The three candidates vying for the mayor's seat in Quebec City's municipal elections seemed to agree transportation will be the key issue to win over voters.
The solutions they are proposing are however worlds apart.
The first televised debate was held Tuesday evening on the local Radio-Canada television program.
Régis Labeaume, who's been the mayor of Quebec City for the last 10 years, faced off with Québec 21's first-time candidate Jean-François Gosselin as well as Anne Guérette, the leader of Démocratie Québec.
Guérette is placing her bets on an electric tramway system that would connect the Ste-Foy neighbourhood to the downtown core.
"It's relevant, it's the project we need," said Guérette who estimated the cost of the 11-kilometre line to be about $750 million.
Guérette criticized Labeaume for not having a concrete proposal in his platform after 10 years in the mayor's seat.
Labeaume, who saw his rapid-bus transit project fall apart only months ago, replied that he didn't want ''to lie to citizens."
"We won't draw up a new project on the corner of the table," said Labeaume during the debate.
The 61-year-old said that before committing to anything, the city has to find out how much it can gain from the federal Public Transit Infrastructure Fund, a $3.4-billion budget to be allocated to cities across Canada by March 2019.
Tale of 2 cities
Jean-François Gosselin's message to citizens was that this election would be a decisive stand on public transportation.
"A vote for Guérette is a vote for the tramway. A vote for Labeaume is a vote for the SRB, or whatever he'll call it. A vote for Gosselin is a vote for a third link, to the East," he repeated.
The idea of building a third bridge or a tunnel between Québec City and Lévis has taken on a life of its own over the past year.
In its last budget, the Quebec government committed $20,5 million for a permanent office committed to this ''third link''.
Gosselin said Guérette's tramway would only benefit people living in Quebec's upper-town, and would be of no help to those living in more subarban areas.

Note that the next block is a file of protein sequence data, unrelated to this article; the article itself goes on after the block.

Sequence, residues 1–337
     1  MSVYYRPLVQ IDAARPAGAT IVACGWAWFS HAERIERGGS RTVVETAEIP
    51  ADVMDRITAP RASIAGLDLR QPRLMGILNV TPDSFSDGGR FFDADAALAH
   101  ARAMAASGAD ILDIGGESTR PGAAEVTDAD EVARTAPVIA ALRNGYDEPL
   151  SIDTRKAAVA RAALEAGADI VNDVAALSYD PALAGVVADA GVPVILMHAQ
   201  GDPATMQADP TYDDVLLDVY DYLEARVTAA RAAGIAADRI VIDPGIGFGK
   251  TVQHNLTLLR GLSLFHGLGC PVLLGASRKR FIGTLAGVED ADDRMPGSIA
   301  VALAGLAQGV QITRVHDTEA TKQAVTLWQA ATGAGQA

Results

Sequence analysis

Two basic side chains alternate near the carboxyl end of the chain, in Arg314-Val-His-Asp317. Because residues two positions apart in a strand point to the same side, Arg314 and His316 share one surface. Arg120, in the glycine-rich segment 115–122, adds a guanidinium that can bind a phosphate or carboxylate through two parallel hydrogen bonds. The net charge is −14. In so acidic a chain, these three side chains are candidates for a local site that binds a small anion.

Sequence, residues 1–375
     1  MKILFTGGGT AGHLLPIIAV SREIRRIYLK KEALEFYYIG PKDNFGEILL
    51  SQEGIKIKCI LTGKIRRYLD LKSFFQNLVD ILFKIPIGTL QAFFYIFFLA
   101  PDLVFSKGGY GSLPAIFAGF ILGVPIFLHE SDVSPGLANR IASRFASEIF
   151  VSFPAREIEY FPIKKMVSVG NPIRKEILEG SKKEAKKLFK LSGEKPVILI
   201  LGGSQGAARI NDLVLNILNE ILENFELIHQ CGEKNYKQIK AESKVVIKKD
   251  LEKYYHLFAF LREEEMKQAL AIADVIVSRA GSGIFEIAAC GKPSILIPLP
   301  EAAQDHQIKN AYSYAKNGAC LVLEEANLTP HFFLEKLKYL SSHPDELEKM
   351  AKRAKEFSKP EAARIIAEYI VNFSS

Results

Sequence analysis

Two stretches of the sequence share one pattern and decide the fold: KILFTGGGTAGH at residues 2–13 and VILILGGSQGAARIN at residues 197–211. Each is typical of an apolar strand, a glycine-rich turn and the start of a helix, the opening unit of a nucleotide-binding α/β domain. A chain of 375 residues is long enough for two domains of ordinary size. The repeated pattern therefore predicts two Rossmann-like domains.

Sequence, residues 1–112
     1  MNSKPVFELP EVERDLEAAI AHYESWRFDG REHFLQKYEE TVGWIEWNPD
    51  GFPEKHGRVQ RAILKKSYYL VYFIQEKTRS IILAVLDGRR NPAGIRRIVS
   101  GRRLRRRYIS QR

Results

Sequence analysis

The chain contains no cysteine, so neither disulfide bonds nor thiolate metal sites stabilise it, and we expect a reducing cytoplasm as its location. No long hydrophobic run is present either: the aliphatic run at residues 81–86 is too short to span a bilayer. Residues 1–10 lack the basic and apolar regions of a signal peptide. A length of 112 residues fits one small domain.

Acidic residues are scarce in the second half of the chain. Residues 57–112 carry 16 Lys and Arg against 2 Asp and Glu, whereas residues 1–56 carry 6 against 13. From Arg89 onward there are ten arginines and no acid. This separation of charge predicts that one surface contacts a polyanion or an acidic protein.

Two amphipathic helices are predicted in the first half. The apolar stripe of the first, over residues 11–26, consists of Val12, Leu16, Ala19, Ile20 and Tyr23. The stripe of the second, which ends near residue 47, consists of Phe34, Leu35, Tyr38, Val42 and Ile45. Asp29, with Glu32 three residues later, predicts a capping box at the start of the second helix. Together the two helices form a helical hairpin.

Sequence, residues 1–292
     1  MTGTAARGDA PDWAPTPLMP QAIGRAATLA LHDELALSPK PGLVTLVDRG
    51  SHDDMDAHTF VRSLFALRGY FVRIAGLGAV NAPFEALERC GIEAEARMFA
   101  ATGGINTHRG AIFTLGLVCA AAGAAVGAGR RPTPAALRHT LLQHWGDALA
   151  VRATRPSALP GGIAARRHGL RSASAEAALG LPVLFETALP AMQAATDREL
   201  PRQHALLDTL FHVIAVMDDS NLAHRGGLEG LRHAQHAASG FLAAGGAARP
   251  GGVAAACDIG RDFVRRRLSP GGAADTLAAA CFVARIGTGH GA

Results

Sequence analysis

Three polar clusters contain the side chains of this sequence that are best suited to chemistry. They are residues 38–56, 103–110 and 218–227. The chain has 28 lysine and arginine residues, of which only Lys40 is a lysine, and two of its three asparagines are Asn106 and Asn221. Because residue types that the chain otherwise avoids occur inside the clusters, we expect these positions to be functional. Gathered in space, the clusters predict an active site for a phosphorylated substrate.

Spending on culture
Gosselin was also quick to point out what he sees as overspending at city hall.
The 42-year-old said he would have never spent $7 million for Robert Lepage's Le Diamant multi-disciplinary art space.
"How many little girls and boys could have taken theatre classes with $7 million?," he asked Labeaume during the debate.
Labeaume defended his previous mandates, stating that finding private funds for a project like the new Lassonde pavilion at the Musée national des Beaux-Arts requires some public investment.
''I think it's terrible that in 2017 the importance of the cultural industry in the economy isn't recognized,'' he said.
Anne Guérette said these decisions have to be made in collaboration with citizens to reflect their priorities and needs.
Démocratie Quebec is proposing to set aside $27 million out of the city's budget for neighbourhood councils which would work closely with elected officials at city hall.
''Why do you refuse to give any power to citizens?'' Guérette asked Labeaume.
''Doing that you deny democracy — everybody is electing a councillor. Why would we give close to $30 million to a neighbourdhood council?'' replied Labeaume, saying the current form of public consultations allows citizens to speak their mind.
There are 6 people running for mayor of Quebec City:
- Daniel Brisson — Alliance citoyenne de Québec
- Claude Gagnon
- Jean-François Gosselin — Québec 21, Équipe F Gosselin
- Anne Guérette — Démocratie Québec
- Régis Labeaume — Équipe Labeaume
- Nicolas Lavigne-Lefebvre — Option Capitale-Nationale